Lawyers are known for overwriting. Perhaps it is all those cases from the 1800s we had to read in contracts class that lead us to write in needlessly ornate sentences. Perhaps too many of us remain convinced that piling on words makes us sound smarter (even though people who sprinkle long and complicated words into their sentences are actually perceived as less intelligent).
Whatever the cause, we often need help to make our writing leaner and cleaner.
Enter WordRake, which hopes to do exactly that. WordRake is a Microsoft Word and Microsoft Outlook add-on that proofs your writing and makes suggested changes. One key caveat: although you can’t really tell from the website, it is only for the Windows version of Word, and it won’t run on Office 365 if you only use 365 via your browser. The website makes no real mention of these limitations. In my case, I didn’t realize it until I downloaded the software. While Windows devotees may shrug off the lack of a Mac version, Wordrake’s lack of browser support is a significant limitation since Microsoft is pushing its users to the cloud.
WordRake works by going through and redlining your document, making semi-substantive editing suggestions, and correcting your typos.
After it “rakes” the document, you can decide which changes you want to keep and which to reject. Since the add-on works just like Word’s track-changes function, any lawyer who has ever received a marked-up document will intuitively know how to use it.
So how does WordRake perform in the real world? I fed it three different types of documents:
- A post about Justice Scalia’s dissents from Romer v. Evans through Obergefell v. Hodges, written for a non-lawyer audience.
- Justice Scalia’s dissent in Romer.
- A brief written for a state-level district court that was in draft form, but close to finished.
In my layperson Scalia post, WordRake did a good job getting rid of some of my congenital writing tics, such as using “that” when I don’t need to and overusing “essentially” and “basically.” I’d like to think I’d catch all those while proofreading, but I probably wouldn’t. On the downside, it really seemed to hate certain rhetorical flourishes. For example, it tried to change “Scalia’s statement pretends to be reasonable” to “Scalia’s statement is reasonable.” Those two things are not remotely the same.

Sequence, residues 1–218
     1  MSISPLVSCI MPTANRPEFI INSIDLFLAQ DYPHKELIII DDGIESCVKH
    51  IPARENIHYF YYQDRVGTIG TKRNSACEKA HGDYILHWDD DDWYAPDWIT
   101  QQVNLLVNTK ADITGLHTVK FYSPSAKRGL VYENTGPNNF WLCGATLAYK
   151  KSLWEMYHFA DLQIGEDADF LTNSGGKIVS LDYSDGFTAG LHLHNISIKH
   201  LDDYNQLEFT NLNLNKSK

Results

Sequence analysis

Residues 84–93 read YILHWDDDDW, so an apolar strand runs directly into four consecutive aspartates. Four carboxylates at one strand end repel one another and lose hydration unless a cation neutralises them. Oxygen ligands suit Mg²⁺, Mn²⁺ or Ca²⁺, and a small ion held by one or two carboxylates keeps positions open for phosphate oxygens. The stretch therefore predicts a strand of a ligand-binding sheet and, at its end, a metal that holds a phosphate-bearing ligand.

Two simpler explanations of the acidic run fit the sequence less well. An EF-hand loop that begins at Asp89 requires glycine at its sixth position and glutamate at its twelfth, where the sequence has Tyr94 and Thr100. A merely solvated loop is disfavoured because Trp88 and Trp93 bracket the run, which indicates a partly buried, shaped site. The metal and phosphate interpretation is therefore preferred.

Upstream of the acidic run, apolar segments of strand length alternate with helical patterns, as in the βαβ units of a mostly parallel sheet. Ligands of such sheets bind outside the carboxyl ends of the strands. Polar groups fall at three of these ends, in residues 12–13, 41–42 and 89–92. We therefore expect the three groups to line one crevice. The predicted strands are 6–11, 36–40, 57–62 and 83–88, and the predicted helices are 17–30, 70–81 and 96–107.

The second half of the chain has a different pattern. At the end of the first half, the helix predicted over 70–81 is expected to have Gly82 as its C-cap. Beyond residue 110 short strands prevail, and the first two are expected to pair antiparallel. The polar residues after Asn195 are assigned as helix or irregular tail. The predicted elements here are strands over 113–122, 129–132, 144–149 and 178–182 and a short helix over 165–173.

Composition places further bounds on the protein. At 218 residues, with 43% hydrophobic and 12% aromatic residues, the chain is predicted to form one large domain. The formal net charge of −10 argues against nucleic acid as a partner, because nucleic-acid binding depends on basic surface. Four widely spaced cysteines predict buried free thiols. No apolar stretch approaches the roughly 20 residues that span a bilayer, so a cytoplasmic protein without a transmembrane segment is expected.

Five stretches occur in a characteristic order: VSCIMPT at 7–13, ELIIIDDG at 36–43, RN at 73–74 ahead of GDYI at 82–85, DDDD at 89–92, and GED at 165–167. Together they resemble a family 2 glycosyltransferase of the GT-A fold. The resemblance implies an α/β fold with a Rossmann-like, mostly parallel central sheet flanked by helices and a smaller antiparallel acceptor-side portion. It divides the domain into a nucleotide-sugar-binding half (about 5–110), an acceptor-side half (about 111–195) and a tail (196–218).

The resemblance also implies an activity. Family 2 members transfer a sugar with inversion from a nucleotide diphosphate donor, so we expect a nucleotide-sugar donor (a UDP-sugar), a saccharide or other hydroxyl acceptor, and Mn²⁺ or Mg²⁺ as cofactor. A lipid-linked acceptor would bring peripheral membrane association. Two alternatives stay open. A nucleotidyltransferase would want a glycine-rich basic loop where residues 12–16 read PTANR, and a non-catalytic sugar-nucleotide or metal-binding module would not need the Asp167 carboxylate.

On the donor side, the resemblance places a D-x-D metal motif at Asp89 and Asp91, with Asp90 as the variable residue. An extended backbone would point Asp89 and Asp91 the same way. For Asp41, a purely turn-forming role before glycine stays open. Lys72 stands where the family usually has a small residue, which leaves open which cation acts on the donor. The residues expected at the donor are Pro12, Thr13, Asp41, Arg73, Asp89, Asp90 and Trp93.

When WordRake chewed through Scalia’s Romer dissent, it desperately wanted Scalia to stop saying “sort of.”
Finally, on my almost-finished brief, WordRake did a solid job of catching passive phrasing (“by the issuance of” was changed to the much better “issuing,” for example). It also spotted typos and removed intra-sentence redundancies. However, it still made some grammatical suggestions that utterly changed the meaning of the sentence. That is not a reason not to use the software. Given that you can accept or reject each change, you are free to ignore the suggestions that mangle your meaning.
WordRake is not cheap, coming in at $129 a year each for Word and Outlook, or $199 for both. There doesn’t seem to be a way to subscribe month-to-month, but there is a free 7-day trial. If you decide to go all out, volume discounts and enterprise licensing are available. If you usually work alone and feel like you need a second set of eyes, the $129 or $199 might be well worth it. If you routinely have a trusted colleague edit your writing, it may not be. Given that there is a free trial, it is certainly worth giving WordRake a whirl.